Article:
Thugs In The Game: The Real History Of Sports

By Michael Hudson
Updated: December 9, 2004

Ty Cobb

Roanoke Va.— Newspapers, magazines and TV screens have been filled with images of Ron Artest rampaging into the stands of an NBA megaplex in Detroit, swinging at fans. USA Today calls it the “player-fan brawl that shocked the nation.” It was, one fan tells the newspaper, “like the 9/11 of the NBA.” The Chicago Sun-Times calls it a sign of an “escalating crisis of violence in sports.”

It’s as if nothing like this has ever happened before. As if, suddenly, the once-glorious game is being trampled upon by a frightening wave of pretenders and barbarians.

In the mythology of American sports, there was a simpler time, a Golden Era, when ballplayers were humble and worked hard and played for the love of the game. Sports were unpolluted by greed, egos, cheating or violence.

The flip side of this is the idea that today’s athletes are different: arrogant, spoiled, lazy, overpaid, brutish. It’s a conviction built on historical amnesia — and on a nostalgia-tinged brand of unconscious racism, one that yearns for the “good-old-days” when the “Boys of Summer” and set-shot-shooting “Hoosiers” just happened to be almost lily white.

It’s an outlook that ignores these well-documented facts: Sports have always been violent. And they’ve always been populated by considerable numbers of players and fans who can’t behave themselves.

But today’s media pack doesn’t have time for context or history. Few journalists have stepped back from the hype and asked: Are these bad behaviors new? Were things really so gentle and innocent, once upon a time?

Are athletes more arrogant today than they were in the 1950s, when the Boston Red Sox’s icily masterful hitter, Ted Williams, spit at his hometown fans and gave them the finger? (Off-duty Boston cops were said to give boys apples to throw at Williams.)

Are players more out-of-control today than they were in 1957, when the New York Yankees engaged in three bench-clearing brawls in a single week? (That same season, after a Dodgers-Reds brawl, one of the gladiators told the press his plans for his main antagonist: “I’ll get him. I’ll whip his hide and his wife won’t know him when I get through.”)

Are today’s drug-imbibing players bigger users of intoxicants than the old-style boozers who once populated American sports? (Babe Ruth was once so “drunk out of his mind” at spring training that he ran into a palm tree in the outfield and knocked himself senseless.)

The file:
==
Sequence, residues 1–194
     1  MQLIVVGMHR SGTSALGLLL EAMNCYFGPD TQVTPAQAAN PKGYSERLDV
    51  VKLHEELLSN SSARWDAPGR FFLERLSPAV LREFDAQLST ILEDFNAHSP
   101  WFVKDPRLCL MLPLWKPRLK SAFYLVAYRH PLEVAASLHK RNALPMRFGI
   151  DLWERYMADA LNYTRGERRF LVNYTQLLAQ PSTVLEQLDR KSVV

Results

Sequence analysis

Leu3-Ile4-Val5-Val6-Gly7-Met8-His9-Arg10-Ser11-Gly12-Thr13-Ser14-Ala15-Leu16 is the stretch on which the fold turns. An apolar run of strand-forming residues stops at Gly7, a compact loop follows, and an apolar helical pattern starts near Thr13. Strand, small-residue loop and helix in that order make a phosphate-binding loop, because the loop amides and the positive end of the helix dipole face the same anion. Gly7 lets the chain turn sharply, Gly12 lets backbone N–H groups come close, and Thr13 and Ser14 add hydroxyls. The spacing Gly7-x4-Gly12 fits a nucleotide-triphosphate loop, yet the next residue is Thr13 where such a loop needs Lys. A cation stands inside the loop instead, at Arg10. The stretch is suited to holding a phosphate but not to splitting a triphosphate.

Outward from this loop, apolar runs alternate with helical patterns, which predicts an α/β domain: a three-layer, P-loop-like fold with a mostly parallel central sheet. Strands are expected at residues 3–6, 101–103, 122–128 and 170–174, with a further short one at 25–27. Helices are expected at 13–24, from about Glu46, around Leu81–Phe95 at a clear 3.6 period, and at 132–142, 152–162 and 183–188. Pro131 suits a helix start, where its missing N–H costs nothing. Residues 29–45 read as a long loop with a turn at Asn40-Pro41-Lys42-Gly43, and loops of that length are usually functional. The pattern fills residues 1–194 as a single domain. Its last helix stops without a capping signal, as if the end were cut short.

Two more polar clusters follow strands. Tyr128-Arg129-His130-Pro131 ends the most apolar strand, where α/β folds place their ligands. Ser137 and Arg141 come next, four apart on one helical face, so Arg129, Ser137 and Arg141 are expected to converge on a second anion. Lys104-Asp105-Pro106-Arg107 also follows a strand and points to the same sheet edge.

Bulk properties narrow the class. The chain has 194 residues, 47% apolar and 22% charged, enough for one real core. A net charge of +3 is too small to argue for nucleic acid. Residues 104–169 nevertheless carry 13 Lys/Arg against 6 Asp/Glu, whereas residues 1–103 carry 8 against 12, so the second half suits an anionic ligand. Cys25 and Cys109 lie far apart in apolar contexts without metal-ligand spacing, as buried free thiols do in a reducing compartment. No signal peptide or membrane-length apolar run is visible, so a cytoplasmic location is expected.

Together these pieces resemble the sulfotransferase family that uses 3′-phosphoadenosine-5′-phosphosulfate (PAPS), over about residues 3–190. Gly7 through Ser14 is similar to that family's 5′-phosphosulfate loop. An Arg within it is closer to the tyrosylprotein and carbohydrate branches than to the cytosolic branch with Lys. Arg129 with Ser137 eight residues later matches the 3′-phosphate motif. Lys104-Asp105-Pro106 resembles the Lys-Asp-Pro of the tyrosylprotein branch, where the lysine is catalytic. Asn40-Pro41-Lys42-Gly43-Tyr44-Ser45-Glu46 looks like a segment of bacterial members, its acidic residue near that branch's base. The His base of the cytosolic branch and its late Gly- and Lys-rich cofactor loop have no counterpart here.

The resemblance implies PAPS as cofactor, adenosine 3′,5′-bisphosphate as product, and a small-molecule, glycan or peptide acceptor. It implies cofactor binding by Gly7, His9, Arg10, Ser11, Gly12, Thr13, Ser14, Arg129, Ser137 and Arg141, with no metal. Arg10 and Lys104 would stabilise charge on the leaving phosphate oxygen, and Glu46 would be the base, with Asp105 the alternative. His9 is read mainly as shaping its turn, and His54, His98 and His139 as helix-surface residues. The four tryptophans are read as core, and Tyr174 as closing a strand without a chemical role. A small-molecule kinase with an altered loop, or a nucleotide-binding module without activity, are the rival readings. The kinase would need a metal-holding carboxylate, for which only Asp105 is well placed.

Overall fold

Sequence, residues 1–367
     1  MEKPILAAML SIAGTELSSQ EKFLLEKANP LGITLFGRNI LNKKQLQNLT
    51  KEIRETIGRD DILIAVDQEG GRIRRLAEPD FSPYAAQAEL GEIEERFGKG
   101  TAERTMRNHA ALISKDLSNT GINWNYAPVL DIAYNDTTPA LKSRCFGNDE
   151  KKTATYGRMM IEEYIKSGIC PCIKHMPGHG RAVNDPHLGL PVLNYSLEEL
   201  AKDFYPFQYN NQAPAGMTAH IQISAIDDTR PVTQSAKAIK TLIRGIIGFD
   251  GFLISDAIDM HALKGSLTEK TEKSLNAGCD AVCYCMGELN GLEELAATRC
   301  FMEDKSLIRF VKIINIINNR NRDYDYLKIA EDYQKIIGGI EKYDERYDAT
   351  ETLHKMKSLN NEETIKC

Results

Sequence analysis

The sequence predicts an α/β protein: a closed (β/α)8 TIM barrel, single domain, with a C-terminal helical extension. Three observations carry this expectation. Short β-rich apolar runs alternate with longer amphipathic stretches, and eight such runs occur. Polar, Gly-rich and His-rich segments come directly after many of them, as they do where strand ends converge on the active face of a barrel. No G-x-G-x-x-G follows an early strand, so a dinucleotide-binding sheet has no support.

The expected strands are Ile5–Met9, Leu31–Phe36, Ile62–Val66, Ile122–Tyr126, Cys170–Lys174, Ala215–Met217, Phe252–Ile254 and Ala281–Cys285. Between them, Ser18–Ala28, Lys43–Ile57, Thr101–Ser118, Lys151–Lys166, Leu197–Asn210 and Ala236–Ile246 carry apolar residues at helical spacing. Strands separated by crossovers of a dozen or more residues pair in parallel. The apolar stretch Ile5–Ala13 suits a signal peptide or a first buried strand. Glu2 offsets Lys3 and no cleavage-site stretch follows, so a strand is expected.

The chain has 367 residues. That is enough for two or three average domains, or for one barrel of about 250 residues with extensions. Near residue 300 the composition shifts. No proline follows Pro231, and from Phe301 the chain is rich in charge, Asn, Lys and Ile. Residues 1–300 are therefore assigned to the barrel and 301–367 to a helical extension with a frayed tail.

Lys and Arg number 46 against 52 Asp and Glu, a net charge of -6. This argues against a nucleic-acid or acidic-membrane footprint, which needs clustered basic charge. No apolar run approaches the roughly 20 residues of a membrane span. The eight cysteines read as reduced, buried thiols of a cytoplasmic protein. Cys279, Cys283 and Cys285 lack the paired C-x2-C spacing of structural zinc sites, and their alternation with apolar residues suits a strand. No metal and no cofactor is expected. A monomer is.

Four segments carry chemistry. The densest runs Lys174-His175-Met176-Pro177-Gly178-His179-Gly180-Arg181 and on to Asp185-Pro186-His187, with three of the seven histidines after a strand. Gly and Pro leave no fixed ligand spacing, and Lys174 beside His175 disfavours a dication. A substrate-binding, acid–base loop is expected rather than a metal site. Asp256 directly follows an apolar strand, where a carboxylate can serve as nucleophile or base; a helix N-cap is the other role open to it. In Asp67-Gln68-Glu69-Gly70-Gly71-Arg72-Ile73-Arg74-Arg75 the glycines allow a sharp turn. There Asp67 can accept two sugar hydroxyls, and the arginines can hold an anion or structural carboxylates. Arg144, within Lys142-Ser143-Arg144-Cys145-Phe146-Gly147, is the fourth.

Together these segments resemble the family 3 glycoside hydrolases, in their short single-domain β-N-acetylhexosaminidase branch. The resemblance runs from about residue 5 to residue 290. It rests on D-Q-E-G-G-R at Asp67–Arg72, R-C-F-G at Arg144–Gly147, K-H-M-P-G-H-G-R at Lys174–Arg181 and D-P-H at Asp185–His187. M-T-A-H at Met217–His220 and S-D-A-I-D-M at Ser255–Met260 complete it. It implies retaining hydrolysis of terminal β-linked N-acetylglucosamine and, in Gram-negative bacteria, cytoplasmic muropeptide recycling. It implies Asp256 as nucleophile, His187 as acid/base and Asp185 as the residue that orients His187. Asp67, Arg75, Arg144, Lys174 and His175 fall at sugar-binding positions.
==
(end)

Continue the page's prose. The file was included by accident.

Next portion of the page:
Are fans more unruly today than they were in Cleveland in 1974, when the Indians and Rangers had to unite and use their bats as weapons to fend off a crazed, knife-wielding Ten Cent Beer Night crowd? (Rangers manager Billy Martin said it was “the closest I ever saw to someone getting killed in baseball.”)

None of this is meant to defend Ron Artest or any other athletes — or fans — who get out of the control. They’re in the wrong. Violence and bad sportsmanship should be dealt with swifty, firmly and fairly.

But let’s not whitewash our history and act as if any of this is new. Go read books such as Richard Sheinin’s “Field of Screams: The Dark Underside of America’s National Pastime.” You’ll find that every era has had its share of brawls, greed, selfish superstars and crazy fans.

In the old days, nearly every NBA game was punctuated by a fight — just as in hockey, the owners thought fighting was a good draw for fans. Bench-clearing and grandstand-clearing brawls have been recorded throughout the years in the sports at all levels.

And players going into the stands after fans? Yeah, that happened, too, back in the day. Babe Ruth was in a batting slump in 1922 when he got thrown out at second trying to stretch a single into a double, then got thrown out of the game for tossing dirt in the umpire’s face. A heckler called The Babe “a big bum,” and Ruth went into the stands after him. The heckler scurried out of reach. Ruth got back up on the dugout and screamed: “Anyone who wants to fight, come down on the field! Ah, you’re all alike, you’re all yellow!”

Ruth failed to catch his heckler that muggy spring day. But a decade before, Ty Cobb, the man who’d preceded Ruth as the national pastime’s greatest star, had more luck.

Cobb vaulted the guardrail protecting the grandstand, stalked up 12 rows and began punching and kicking a heckler, tearing holes with his spikes and opening gashes around the man’s ears and face.

Other spectators pleaded with Cobb, yelling that the man – who’d lost eight fingers in an industrial accident – had no hands.

“I don’t care if he has no feet,” Cobb replied.